Wednesday, July 20, 2005

Aaah ... home.

What gives value to travel is fear. It is the fact that, at a certain moment, when we are so far from our own country (a French newspaper acquires incalculable value. And those evenings when, in cafes, you try to get close to other men just to touch them with your elbow), we are seized by a vague fear, and an instinctive desire to go back to the protection of old habits. This is the most obvious benefit of travel. At that moment we are feverish but also porous, so that the slightest touch makes us quiver to the depths of our being. We come across a cascade of light, and there is eternity. This is why we should not say that we travel for pleasure. There is no pleasure in traveling, and I look upon it more as an occasion for spiritual testing. If we understand by culture the exercise of our most intimate sense - that of eternity - then we travel for culture. Pleasure takes us away from ourselves in the same way as distraction, in Pascal's use of the word, takes us away from God. Travel, which is like a greater and a graver science, brings us back to ourselves. Albert Camus, Notebooks.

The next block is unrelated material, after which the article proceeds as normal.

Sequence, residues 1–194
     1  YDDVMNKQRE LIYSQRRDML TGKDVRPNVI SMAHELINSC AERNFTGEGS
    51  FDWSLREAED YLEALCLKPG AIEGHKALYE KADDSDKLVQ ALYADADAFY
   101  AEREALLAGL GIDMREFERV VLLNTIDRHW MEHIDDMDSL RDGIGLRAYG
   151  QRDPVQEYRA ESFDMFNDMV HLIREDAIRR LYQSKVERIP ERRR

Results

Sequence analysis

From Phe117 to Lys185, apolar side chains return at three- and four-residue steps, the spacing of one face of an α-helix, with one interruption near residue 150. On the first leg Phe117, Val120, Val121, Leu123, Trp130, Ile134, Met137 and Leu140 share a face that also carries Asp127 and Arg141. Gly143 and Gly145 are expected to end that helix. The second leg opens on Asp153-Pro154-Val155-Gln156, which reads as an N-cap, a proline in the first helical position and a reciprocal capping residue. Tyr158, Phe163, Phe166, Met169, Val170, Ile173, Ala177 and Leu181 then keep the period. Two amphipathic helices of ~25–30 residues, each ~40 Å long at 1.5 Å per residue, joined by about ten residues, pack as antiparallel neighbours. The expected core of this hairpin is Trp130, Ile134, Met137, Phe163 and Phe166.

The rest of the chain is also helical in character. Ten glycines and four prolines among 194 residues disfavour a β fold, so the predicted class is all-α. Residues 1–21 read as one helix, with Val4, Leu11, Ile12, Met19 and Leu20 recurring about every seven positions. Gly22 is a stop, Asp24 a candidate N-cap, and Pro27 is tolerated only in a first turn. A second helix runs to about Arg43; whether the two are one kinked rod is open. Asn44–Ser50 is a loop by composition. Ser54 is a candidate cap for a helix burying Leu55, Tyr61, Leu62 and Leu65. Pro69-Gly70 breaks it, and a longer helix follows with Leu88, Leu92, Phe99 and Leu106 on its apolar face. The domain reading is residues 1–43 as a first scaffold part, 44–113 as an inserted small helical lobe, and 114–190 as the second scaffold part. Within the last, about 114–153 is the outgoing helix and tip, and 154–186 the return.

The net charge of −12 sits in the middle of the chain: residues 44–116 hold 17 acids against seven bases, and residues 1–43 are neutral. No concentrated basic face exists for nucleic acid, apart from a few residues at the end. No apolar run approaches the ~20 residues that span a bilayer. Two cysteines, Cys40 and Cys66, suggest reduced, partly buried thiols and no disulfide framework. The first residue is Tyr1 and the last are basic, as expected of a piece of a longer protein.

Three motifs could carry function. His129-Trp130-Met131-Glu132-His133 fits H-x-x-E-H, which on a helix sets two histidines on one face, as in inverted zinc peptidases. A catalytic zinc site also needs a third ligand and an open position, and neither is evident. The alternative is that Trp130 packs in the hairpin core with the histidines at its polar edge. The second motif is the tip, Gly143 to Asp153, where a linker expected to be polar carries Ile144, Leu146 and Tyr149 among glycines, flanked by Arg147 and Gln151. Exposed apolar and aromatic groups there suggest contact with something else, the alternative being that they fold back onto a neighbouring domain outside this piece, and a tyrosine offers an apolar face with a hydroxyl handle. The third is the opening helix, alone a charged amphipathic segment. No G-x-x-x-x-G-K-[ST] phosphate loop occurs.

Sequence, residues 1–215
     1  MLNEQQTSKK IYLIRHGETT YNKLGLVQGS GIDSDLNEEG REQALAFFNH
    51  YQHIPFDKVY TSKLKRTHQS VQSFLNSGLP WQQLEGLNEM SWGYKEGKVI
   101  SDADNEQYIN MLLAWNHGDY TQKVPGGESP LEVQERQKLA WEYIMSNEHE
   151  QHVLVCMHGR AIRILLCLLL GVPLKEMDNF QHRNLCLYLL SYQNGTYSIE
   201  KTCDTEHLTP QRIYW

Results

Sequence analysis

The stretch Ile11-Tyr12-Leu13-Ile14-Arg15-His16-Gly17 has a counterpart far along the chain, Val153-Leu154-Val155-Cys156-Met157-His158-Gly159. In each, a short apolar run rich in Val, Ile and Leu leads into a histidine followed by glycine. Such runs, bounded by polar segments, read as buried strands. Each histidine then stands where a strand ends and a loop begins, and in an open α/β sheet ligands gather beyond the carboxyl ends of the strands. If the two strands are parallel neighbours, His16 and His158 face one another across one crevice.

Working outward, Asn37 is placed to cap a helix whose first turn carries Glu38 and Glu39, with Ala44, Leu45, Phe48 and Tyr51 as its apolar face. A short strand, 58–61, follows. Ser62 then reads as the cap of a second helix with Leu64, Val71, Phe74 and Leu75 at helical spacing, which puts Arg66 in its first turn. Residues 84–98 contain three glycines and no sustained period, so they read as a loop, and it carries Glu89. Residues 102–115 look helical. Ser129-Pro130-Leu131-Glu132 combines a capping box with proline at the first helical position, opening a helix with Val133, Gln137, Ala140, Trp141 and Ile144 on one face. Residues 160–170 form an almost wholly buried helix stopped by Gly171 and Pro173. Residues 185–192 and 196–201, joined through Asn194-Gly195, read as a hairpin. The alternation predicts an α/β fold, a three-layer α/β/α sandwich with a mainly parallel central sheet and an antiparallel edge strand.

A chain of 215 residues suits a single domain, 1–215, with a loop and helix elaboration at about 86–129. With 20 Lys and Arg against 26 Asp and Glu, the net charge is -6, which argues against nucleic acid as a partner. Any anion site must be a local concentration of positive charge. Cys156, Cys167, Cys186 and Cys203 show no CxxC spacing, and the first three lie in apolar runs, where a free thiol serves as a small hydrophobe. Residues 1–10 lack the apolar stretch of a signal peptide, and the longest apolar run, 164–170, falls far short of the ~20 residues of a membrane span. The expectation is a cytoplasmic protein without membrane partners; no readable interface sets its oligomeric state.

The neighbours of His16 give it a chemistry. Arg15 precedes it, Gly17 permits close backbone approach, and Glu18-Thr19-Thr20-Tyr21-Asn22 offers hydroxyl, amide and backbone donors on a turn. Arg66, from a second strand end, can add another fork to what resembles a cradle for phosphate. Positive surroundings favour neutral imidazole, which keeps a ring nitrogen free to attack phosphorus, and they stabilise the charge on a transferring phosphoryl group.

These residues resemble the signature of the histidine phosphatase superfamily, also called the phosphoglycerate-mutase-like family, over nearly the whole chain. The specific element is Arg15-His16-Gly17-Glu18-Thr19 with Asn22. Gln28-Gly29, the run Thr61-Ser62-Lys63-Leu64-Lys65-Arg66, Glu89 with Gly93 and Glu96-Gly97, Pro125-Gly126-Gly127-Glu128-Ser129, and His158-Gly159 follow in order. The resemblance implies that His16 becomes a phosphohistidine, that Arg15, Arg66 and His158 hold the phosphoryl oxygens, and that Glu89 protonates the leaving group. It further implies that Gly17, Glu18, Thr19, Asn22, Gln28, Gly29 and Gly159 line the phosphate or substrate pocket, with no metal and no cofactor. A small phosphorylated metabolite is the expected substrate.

C'est moi, Albert. C'est moi. Of course, not everyone need subscribe to this particular point of view. Here's hoping my friend Darko (self-professed reformed Eeyore) travels in a sublime absence of fear.

(And for those too busy to bother with an on-line translator, the above postcard translates to, "There is no shame in preferring happiness.")


DarkoV said...

Mr. WP,
I thank you for your kind thoughts. I feel like the bow of a just launched ship, champaigne still dripping off from the bottle smashed on me. As I slide backwards into that lovely abyss of travel, I'll think about Mr. Camus and stay away from driving in a Facel Vega Coupe with a publisher while I'm over there.

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Whisky Prajer said...

That car is the intellectual's equivalent of the Porsche Spyder, isn't it? Best to stick to Tatras while you're there, Darko!